After the death of his father in 1781, Voght continued his father's company under the name "Caspar Voght & Co." in partnership with Georg Heinrich Sieveking. Together, they made use of the newly independent English colonies to build up strong mercantile ties with traders in ports along the North American coast. A good will missive dated March 29, 1783 was presented to Congress in Philadelphia on behalf of the Hamburg Senate by Johann Abraham de Boor. De Boor was a citizen of Hamburg who had traveled overseas under commission to the trading firm of Caspar Voght & Co.
Voght's interests lay more with agriculture than with trading. Even as a youth, he was delighted being in a garden, designed on a French model, which his father owned in Hamm, at the outskirts of Hamburg. As Voght became older, he became aware that his inclination for landscape architecture and horticulture would be more than a hobby, and life in business repelled him increasingly. Not long before his death, Voght acknowledged in a letter: "When trade could no longer strike my fancy, I became nauseous". He handed the direction of the firm over to his partner Sieveking in a large measure. From 1785, Voght began to purchase lots of land in Klein Flottbek outside the gates of the then independent city of Altona. After a trip to England in the winter of 1785-6, where he tried to familiarize himself with the local landscape architecture and modern methods of husbandry, he began work on his Hamburg estates on a model farm and arboretum (the present day Jenisch Park was his parc du midi). Voght recruited two landscape gardeners for Flottbek renowned in Europe: the Scotsman James Booth and Frenchman Joseph Ramée. In 1787, Voght introduced the potato for cultivation. Up until then, it had been primarily an import product from the Netherlands. In 1797 he helped his stewart Lukas Andreas Staudinger found an institute for education in agriculture in Groß Flottbek. It was the first agricultural school in the German-speaking world. The most prominent student of this academy was Johann Heinrich von Thünen, who would later correspond with Voght primarily about questions of crops yields of soils.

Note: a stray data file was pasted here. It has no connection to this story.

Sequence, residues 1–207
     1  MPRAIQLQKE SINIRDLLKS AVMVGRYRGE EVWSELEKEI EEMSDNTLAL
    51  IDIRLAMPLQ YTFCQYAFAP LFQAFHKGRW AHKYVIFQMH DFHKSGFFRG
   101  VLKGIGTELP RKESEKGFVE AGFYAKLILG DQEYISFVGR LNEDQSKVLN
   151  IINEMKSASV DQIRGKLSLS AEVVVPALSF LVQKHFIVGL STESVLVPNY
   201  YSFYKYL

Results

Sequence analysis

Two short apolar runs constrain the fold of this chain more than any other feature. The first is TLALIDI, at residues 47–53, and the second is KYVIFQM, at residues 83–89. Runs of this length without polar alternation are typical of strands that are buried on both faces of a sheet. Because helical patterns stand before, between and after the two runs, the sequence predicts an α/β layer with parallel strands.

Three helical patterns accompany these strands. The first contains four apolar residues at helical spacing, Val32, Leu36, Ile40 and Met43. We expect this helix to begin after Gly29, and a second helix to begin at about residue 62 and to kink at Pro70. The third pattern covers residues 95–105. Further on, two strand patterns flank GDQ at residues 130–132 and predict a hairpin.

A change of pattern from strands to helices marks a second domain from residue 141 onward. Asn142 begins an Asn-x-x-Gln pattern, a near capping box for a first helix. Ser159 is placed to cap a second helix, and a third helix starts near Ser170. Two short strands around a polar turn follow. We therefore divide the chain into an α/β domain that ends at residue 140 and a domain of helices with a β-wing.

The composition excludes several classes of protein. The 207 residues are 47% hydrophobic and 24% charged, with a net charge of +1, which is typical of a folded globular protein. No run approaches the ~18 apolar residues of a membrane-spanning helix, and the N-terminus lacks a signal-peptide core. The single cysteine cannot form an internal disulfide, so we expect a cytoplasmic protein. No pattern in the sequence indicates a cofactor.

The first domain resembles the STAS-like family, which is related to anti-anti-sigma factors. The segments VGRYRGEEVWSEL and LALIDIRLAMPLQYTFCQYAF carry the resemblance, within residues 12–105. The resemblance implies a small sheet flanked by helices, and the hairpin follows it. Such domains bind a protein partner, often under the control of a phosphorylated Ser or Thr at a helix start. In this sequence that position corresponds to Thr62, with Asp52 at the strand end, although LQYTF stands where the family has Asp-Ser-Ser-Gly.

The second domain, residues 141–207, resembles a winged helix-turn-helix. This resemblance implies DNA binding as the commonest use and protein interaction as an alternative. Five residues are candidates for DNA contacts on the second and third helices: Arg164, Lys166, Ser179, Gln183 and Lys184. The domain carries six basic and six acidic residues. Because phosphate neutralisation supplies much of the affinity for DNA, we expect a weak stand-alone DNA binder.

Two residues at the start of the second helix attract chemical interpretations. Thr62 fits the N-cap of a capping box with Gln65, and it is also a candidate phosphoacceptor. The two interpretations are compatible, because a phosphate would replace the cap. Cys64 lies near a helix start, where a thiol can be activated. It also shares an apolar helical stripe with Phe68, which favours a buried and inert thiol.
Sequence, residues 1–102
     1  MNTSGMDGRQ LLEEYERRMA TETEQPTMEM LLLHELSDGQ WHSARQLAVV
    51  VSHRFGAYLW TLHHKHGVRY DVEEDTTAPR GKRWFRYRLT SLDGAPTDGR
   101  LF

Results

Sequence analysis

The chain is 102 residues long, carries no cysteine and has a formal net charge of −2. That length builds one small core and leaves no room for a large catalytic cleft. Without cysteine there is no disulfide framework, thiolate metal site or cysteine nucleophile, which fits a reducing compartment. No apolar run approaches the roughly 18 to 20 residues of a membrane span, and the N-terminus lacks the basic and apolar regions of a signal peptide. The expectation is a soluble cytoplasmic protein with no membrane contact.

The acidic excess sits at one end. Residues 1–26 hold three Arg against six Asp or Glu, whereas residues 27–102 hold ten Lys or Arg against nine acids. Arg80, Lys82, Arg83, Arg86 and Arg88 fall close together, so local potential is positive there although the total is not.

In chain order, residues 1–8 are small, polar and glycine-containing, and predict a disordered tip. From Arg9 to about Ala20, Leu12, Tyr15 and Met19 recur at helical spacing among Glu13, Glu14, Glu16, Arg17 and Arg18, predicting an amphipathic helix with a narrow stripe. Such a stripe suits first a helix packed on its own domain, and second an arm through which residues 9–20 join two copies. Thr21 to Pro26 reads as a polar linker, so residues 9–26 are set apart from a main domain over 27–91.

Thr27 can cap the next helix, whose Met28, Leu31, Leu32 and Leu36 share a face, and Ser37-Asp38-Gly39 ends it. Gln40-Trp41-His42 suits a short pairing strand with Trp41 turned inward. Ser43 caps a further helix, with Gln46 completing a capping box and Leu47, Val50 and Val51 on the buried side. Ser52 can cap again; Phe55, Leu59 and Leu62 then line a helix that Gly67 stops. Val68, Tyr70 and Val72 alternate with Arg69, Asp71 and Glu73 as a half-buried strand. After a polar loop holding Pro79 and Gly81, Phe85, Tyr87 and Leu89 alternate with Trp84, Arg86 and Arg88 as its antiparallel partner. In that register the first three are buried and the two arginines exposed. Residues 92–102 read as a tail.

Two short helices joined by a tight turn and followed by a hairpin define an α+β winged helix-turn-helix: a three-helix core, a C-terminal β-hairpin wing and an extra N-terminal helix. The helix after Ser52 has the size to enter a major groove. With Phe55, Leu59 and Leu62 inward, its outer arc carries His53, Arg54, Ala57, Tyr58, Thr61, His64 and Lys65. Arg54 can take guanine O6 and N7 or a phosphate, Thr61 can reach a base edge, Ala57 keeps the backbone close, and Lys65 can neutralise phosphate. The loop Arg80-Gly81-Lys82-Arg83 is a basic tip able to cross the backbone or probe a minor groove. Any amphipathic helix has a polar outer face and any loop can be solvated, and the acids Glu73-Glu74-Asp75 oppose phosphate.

Voght as poor house reformer
As early as 1770 Voght had come in contact with prisons, when, representing his father, he had shown the English prison reformer John Howard around Hamburg's penitentiary. From that time he maintained a great interest in matters related to poorhouses and prisons. Together with the head of the trade academy (Handelsakademie) Johann Georg Büsch and the lawyer Johann Arnold Günther, Voght initiated in 1788 the establishment of a 'common institution for the poor' (Allgemeinen Armenanstalt) with which he reformed Hamburg's poor provision. The foundation of this reform was the division of the city into care zones whose approximately 200 inhabitants were entrusted with finding voluntary means of caring for the poor in that zone. The institute guaranteed medical attention for the poor, support during pregnancy and childbirth, and education and work for poor children. In contrast to the prevailing mode of providing for the poor, which was usually ecclesiastical and focused on moral and spiritual aspects of the situation, the reform was directed towards the economic needs of those affected. The cost of the effort was met by tithes collected in churches and weekly collections for the poor. As a result of this effort, the number of occupants in Hamburg's penitentiaries sank drastically.